Regional, rural and urban development
Mayors from cities across the United States, Asia, Europe, Africa and Latin America gathered in New York to launch a global campaign to address rising inequalities and foster inclusive growth in their cities, in their countries and worldwide.
As the OECD celebrates its 10th Rural Conference this edition will look at the next steps for the OECD Rural Policy Programme and consider the direction for future work.
This chapter aims to assess the degree of fragmentation in the metropolitan governance in Chicago (Illinois), United States and its impact on transport and land-use planning, and to identify possible avenues for reform.
U.S. employers are demanding skilled workforces, but are not always able to find a local supply, says a new OECD study looking at Job Creation and Local Economic Development.
Country notes outlining regional variations in health, jobs, safety, environment, access to services, civic engagement, housing, education, income, and employment. These notes are from the OECD publication "How's Life in Your Region?".
How to stimulate growth and support job creation are two critical challenges that countries confront following the global financial crisis. The Local Economic and Employment Development (LEED) Programme of the OECD has developed international cross-comparative reviews on local job creation policies to examine the contribution of local labour market policy to boosting quality employment. Each country review examines the capacity of employment services and training providers to contribute to a long-term strategy which strengthens the resiliency of the local economy, increases skills levels and job quality. This report looks at the range of institutions and bodies involved in workforce and skills development in two states – California and Michigan. In-depth fieldwork focused on two local Workforce Investment Boards in each state: the Sacramento Employment and Training Agency (SETA); the Northern Rural and Training and Employment Consortium (NoRTEC); the Southeast Michigan Community Alliance (SEMCA); and the Great Lakes Bay Michigan Works. The report concludes with a number of recommendations and actions to promote job creation at the federal, state and local levels.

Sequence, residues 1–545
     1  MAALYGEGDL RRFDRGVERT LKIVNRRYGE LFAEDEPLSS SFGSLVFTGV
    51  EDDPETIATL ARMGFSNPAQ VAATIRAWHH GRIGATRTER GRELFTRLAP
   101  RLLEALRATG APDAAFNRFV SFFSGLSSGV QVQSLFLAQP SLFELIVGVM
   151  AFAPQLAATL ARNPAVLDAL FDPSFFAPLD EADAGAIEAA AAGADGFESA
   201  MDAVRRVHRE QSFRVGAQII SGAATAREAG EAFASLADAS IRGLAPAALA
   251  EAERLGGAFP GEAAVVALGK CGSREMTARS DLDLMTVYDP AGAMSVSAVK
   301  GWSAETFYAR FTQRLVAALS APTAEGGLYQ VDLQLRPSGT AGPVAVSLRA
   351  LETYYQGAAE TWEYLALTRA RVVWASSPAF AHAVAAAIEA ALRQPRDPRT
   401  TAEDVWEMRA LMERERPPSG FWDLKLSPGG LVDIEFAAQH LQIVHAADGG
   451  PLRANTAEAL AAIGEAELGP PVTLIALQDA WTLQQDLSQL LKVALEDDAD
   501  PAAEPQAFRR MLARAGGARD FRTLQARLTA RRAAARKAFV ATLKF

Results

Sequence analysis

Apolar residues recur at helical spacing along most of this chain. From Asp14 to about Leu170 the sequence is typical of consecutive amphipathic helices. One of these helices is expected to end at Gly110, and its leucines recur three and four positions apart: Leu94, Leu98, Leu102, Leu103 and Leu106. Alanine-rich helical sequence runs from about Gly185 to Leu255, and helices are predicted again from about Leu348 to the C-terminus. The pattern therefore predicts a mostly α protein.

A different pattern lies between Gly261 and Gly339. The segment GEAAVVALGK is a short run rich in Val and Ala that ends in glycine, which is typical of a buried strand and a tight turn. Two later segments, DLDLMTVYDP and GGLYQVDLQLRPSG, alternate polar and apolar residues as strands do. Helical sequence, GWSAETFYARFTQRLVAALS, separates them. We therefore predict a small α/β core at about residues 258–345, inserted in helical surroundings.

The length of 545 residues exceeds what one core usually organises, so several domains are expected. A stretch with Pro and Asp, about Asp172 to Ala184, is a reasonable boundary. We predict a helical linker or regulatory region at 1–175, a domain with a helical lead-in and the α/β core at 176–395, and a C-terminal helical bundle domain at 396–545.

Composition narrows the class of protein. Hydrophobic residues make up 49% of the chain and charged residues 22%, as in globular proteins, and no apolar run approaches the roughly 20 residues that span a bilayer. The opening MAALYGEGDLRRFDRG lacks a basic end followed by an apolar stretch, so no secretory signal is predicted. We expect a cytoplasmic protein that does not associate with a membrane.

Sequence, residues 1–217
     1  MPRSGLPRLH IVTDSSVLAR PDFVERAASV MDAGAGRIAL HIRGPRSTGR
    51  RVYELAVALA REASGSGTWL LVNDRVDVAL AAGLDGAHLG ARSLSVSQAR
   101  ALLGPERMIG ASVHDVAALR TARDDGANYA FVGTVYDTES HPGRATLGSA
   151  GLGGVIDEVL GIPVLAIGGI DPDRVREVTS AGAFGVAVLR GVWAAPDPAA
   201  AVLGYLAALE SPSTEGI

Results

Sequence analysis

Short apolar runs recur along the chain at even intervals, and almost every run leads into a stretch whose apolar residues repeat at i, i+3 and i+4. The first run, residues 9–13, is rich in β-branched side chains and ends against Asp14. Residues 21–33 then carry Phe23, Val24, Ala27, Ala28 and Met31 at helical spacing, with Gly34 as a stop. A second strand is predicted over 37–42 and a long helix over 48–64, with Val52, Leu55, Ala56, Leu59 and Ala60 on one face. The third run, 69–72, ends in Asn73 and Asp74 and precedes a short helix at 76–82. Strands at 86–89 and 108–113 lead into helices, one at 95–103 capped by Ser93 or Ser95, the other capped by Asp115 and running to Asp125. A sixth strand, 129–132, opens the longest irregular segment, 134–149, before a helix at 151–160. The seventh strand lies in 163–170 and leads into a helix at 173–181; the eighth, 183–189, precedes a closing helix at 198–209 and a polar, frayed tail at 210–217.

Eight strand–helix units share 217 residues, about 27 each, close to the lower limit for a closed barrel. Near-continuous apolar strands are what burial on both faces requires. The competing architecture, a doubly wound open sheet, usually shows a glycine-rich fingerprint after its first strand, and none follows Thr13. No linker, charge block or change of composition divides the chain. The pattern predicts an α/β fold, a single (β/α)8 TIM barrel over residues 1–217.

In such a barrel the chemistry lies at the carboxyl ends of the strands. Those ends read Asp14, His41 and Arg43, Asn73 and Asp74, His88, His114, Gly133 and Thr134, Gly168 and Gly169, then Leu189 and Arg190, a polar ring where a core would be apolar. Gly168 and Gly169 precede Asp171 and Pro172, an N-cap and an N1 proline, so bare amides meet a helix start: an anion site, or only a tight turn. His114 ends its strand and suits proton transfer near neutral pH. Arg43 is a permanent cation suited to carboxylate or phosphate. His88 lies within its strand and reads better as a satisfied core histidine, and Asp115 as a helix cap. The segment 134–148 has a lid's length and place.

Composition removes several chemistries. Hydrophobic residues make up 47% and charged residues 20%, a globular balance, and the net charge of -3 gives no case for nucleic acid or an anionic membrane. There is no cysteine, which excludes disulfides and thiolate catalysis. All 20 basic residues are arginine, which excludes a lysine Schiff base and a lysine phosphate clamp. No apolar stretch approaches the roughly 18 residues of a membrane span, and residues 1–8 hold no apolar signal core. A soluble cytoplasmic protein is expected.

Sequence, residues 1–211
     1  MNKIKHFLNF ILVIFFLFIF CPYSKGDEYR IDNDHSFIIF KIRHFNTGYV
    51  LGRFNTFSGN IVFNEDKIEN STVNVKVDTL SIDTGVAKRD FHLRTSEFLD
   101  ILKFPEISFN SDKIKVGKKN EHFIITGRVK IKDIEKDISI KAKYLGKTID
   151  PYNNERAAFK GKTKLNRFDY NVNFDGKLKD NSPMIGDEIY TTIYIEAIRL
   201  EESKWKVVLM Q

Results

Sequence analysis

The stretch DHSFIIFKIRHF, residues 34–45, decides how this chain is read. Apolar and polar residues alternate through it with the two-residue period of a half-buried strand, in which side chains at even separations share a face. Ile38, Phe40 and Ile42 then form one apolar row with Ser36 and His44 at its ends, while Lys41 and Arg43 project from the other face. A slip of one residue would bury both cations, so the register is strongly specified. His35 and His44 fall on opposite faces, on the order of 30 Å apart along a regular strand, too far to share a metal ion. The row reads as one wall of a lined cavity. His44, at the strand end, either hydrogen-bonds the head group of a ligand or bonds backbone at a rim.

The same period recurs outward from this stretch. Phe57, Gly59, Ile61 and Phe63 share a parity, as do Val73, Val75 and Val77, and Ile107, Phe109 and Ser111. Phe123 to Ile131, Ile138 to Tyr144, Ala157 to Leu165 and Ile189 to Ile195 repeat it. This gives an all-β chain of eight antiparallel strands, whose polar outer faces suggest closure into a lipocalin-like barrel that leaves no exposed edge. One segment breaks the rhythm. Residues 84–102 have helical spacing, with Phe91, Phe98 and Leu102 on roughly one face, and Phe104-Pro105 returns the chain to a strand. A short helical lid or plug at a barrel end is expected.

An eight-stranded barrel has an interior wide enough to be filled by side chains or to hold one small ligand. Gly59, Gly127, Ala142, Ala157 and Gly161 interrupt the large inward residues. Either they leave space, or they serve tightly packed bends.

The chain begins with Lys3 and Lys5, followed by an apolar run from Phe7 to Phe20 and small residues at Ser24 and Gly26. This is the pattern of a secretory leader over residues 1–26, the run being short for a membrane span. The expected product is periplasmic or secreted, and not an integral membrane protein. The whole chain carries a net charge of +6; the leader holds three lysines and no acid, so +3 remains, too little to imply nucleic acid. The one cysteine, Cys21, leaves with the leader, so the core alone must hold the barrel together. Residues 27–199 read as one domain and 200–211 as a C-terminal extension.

This study aims to assess the degree of institutional fragmentation of transport and land use planning in Chicago. It provides an overview of local governments in metropolitan Chicago and mechanisms for coordination. Five main challenges are identified.
As the significance of the creative economy continues to grow, important synergies with tourism are emerging, offering considerable potential to grow demand and develop new products, experiences and markets.These new links are driving a shift from conventional models of cultural tourism to new models of creative tourism based on intangible culture and contemporary creativity. This report examines the growing relationship between the tourism and creative sectors to guide the development of effective policies in this area. Drawing on recent case studies, it considers how to strengthen these linkages and take advantage of the opportunities to generate added value. Active policies are needed so that countries, regions and cities can realise the potential benefits from linking tourism and creativity. Key policy issues are identified.
Cities can generate growth and jobs while becoming greener – this is the message of the OECD’s new Green Growth in Cities report. Drawing on case studies of Paris, Chicago, Kitakyushu and Stockholm, the report identifies green policies that can respond to urban growth priorities and suggests how to implement and finance them.
The OECD Territorial Review of the Chicago Tri-State metropolitan area, the first of its kind conducted by the OECD in the United States, assesses the region’s capacity to contribute effectively to regional and national economic performance and quality of life. The Review focuses on four thematic policy issues: i) the effectiveness and coordination of workforce development programmes in the Chicago Tri-State metro-region; ii) the metro-region’s capacity for innovation; iii) its role as a major centre for logistics in North America; and (iv) its capacity to encourage green growth over the long term. The review also focuses on the state of region-wide institutional collaboration and offers a vision for effective tri-state region-wide stakeholder engagement.